i.e. read(filename) is implicit but also more loosely coupled; read_x(filename) is more explicit but a) more tightly coupled and b) forces the complexity of determining the file type onto the user code.


(didn’t listen to podcast as podcast really isn’t my kinda medium)

Thanks for bringing the discussion here, never thought there would be so many different opinions/views on this :slight_smile:

My major interpretation of explicit vs. implicit is to a degree how much I can easily see what’s going on and control it.

My favorite example is ActiveRecord vs. Ecto.

In ActiveRecord I define all the validations and callbacks in the model. Somewhere else I then call save and all of these are magically executed (with all the weird conditions applied in the model). I don’t see what is executed and in what order.
In Ecto on the other hand I specifically choose a changeset that I want this to be run through, I can easily see what is done and in what order. If I don’t want something to happen I can easily remove it or explicitly call another changeset. Makes my intentions very clear.

Similar thing about automatic preloading of associations vs. not or the way in which you need a PhD in ActiveRecord to know what triggers a database case vs. modeling it more explicitly through use of a Repo in Ecto.

As it still rings in my head from an early Ruby Rogues episode where @JEG2 said “magic is always bad” - the more experience I have, the truer that statement rings - kudos James :slight_smile:


Oh that’s fine lots of people don’t listen to podcasts. No big deal.

Hey wait a minute!


This! Anonymous functions complect the function code with the call, turning two (or more) simpler expressions into a single, complicated one. I don’t like this in general and I particularly dislike it when I’m creating a pipeline.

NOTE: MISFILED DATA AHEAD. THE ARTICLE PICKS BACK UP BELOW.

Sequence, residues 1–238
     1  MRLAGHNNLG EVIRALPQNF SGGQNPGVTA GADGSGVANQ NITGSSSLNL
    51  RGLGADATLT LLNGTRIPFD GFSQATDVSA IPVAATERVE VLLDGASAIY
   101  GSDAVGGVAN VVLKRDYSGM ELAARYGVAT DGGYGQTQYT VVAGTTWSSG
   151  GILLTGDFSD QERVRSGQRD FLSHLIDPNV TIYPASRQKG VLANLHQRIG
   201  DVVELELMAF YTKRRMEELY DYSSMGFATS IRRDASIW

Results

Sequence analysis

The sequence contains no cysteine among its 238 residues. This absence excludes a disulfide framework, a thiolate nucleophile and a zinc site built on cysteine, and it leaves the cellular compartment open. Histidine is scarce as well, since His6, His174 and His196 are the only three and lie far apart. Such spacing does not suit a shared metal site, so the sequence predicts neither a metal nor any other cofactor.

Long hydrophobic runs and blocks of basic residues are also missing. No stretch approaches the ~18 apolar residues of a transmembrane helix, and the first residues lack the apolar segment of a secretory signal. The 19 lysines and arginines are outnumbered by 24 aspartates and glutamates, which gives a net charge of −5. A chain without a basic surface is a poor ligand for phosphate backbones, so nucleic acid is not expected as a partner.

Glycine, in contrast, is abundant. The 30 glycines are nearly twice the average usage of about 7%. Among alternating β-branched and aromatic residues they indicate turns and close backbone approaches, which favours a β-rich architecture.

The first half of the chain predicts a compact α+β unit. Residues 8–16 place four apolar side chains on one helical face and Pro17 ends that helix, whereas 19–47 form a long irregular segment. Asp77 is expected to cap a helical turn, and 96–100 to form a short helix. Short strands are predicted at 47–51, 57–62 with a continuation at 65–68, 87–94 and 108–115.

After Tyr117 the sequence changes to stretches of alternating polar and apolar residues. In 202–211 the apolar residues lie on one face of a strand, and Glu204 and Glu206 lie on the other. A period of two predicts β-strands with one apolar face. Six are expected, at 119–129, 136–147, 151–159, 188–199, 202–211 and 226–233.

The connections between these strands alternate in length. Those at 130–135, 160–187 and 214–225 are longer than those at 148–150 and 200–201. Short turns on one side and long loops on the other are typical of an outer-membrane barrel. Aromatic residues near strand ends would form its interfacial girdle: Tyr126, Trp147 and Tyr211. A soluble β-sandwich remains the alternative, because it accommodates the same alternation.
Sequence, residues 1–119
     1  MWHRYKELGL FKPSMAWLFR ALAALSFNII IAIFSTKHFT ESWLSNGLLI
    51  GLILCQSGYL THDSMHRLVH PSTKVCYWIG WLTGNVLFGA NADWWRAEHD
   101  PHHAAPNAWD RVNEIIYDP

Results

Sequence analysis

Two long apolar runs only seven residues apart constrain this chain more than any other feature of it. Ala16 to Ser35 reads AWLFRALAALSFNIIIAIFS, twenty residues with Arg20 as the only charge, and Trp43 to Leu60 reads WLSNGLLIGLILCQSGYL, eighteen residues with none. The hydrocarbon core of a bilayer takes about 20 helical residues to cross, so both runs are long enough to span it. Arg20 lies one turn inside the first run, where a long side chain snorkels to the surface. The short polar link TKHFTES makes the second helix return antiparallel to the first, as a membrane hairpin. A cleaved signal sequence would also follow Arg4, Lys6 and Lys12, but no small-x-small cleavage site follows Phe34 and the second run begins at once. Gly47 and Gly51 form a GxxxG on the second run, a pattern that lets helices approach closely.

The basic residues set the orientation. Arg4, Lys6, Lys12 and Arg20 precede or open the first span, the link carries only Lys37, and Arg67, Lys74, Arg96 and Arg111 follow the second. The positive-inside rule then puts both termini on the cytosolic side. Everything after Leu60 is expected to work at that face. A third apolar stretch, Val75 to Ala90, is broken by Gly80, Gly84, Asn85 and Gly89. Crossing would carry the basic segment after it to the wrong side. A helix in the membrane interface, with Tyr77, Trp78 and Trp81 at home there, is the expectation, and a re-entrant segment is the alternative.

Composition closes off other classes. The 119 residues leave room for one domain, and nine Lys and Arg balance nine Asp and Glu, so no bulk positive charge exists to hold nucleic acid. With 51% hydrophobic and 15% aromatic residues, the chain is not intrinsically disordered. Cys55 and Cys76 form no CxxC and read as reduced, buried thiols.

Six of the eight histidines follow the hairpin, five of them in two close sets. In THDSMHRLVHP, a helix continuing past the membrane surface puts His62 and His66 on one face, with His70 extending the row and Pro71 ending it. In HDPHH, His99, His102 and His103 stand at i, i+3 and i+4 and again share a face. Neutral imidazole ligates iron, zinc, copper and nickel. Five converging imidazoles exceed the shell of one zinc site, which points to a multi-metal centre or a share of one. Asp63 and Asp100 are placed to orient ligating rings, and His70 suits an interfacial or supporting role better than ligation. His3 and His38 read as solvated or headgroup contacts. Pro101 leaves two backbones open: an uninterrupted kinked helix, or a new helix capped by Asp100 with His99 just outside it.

So, I almost always stuff my anonymous functions into local variables and then use them by name. However, I’m still struggling with the definition of a “well-named function”. My current (idiosyncratic) idiom looks like:

|> Enum.map(map_fn)

This works fine for many simple situations, but it can get a bit ugly when there are naming collisions:

|> Enum.map(map_fn1)
|> Enum.map(map_fn2)

:sweat_smile: :sweat_smile: :sweat_smile: :sweat_smile: :sweat_smile: :sweat_smile:

Let me explain,

I love the concept of podcasts and believe they generally can be a great resource. However, I’m a very visual learner and person - so if I “just” listen to something, no matter how interesting, I feel like I should do something with my eyes and am otherwise “bored”.

I tried coding while listening to podcasts, that works as long as I do easy features or refactorings I’ve done a hundred times already. One bug or architecture decision though and see you back here in ~30 minutes with no idea what anyone said on the podcast.

These days the only time I really listen to podcasts is when I go by bus (I get sick when I read in a bus). I kind of want to listen to podcasts more (especially the outlaws as I heard many great things about it) so I’m looking for opportunities like going jogging again, longer chores at home, inhaling or ???